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Hiroshi Tomita, Eriko Sugano, Hitomi Isago, Namie Murayama, Zhuo Wang, Makoto Tamai; Improvement Of Wavelength Sensitivities By The Modification Of Volvox Channelrhodopsin-1 Gene. Invest. Ophthalmol. Vis. Sci. 2011;52(14):478.
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It has been reported that the intravitreal injection of the channelrhodopsin-2 (ChR2) gene into genetically blind rats restored visual response. However the sensitive wavelength of ChR2 is limited below 540 nm. In this study, we modified a volvox derived channelrhodopsin-1 (VChR1) gene based on a bioinfomatic approach to improve wavelength sensitivities and expression profiles in mammalian cells.
We made various types of modified VChR1 genes by the replacement of the N-terminal or C-terminal fragment of VChR1 gene with other proteins. The modified VChR1 genes were electroporated into cultured HEK293 cells to investigate the expression profiles. The photocurrents were recorded under the whole-cell patch clamp of a conventional system. We also made an adeno-associated virus vector type 2 including the modified VChR1 gene fused to a fluorescent protein, Venus (AAV-mVChR1V) and intravitreously injected into Royal College of Surgeons (RCS) rats. Visually evoked potentials (VEPs) were recorded 2 months later.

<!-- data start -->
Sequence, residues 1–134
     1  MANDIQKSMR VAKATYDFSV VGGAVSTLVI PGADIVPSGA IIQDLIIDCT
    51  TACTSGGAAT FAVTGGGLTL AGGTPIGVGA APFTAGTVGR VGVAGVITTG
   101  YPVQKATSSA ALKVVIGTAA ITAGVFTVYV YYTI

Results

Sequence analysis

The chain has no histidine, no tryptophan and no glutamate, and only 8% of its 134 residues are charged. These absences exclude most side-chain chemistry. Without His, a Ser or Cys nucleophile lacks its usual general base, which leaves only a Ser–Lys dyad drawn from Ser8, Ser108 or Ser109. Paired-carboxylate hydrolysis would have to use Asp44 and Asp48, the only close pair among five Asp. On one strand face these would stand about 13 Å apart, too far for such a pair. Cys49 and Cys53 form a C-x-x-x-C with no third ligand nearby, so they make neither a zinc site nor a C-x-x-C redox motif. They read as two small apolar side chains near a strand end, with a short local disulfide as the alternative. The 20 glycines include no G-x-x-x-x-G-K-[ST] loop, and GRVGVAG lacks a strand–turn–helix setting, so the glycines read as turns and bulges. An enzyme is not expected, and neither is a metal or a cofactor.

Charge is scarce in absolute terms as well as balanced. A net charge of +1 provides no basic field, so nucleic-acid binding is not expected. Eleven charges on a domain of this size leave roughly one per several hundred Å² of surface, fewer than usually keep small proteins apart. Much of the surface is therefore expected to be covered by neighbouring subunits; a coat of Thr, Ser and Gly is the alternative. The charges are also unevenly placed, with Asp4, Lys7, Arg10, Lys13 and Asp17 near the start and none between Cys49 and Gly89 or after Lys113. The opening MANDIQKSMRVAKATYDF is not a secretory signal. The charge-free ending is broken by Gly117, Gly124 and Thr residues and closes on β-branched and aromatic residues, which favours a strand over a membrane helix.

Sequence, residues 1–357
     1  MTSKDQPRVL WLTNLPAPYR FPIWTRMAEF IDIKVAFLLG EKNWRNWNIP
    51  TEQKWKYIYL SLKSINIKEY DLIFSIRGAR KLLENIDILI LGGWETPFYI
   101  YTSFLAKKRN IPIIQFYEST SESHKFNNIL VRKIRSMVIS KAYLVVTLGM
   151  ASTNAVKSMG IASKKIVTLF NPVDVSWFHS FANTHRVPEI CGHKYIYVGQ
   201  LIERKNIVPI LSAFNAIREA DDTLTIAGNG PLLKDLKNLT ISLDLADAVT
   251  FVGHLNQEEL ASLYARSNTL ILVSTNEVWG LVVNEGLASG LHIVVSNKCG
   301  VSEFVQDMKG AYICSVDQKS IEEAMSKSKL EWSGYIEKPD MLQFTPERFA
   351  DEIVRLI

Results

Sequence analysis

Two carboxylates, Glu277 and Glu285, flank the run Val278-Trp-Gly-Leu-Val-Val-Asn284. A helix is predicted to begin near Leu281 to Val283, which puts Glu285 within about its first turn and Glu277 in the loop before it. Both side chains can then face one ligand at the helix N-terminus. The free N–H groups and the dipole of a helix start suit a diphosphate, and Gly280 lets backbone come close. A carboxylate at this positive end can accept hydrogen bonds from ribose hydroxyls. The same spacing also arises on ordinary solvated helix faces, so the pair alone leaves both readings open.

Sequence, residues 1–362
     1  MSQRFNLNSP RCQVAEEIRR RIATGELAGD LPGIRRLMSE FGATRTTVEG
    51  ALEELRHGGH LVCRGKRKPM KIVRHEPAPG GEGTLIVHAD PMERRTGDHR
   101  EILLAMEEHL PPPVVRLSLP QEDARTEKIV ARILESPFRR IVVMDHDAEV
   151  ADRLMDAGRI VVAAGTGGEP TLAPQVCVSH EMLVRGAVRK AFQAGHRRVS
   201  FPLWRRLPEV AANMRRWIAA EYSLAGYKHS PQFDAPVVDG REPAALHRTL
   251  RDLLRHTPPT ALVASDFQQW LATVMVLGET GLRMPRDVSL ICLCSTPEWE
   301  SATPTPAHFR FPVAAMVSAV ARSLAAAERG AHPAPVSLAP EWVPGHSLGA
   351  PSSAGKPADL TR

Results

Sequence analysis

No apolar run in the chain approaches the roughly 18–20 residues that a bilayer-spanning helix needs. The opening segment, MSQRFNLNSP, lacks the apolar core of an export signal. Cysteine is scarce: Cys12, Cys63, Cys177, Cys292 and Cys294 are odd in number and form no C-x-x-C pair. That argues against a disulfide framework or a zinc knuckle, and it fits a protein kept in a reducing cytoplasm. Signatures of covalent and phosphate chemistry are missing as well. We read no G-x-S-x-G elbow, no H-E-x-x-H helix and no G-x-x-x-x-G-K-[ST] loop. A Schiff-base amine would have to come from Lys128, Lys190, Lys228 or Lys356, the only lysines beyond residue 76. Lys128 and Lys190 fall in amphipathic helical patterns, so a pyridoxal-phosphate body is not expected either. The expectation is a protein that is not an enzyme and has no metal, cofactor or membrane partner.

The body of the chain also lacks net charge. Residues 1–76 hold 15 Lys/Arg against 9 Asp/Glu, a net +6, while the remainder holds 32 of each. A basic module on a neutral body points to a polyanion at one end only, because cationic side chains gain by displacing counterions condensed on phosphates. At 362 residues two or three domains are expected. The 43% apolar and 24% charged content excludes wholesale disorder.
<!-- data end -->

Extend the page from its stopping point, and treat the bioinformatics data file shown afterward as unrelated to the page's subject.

The mVChR1 which is chimeric protein with the chlamydomonas derived-channelrhodopsin-1 showed the diffused expression in the cell body and plasma membrane. The photocurrents were evoked by 1-s pulse illumination of wavelength between 400 and 600 nm. The VEPs in mVChR1-transferred RCS rats were also recorded by the stimulus wavelength from 450nm to 600nm. The mVChR1 was more sensitive to the white flash than the chlamydomonas derived channelrhodopsin-2. The expression of mVChR1 in the retina were mainly observed in retinal ganglion cells, which was almost same as those of ChR2.
The mVChR1 showed wide range spectrum sensitivities. The gene transfer of ChR2 with mVChR1 into blind rats will increase the visible wavelength.
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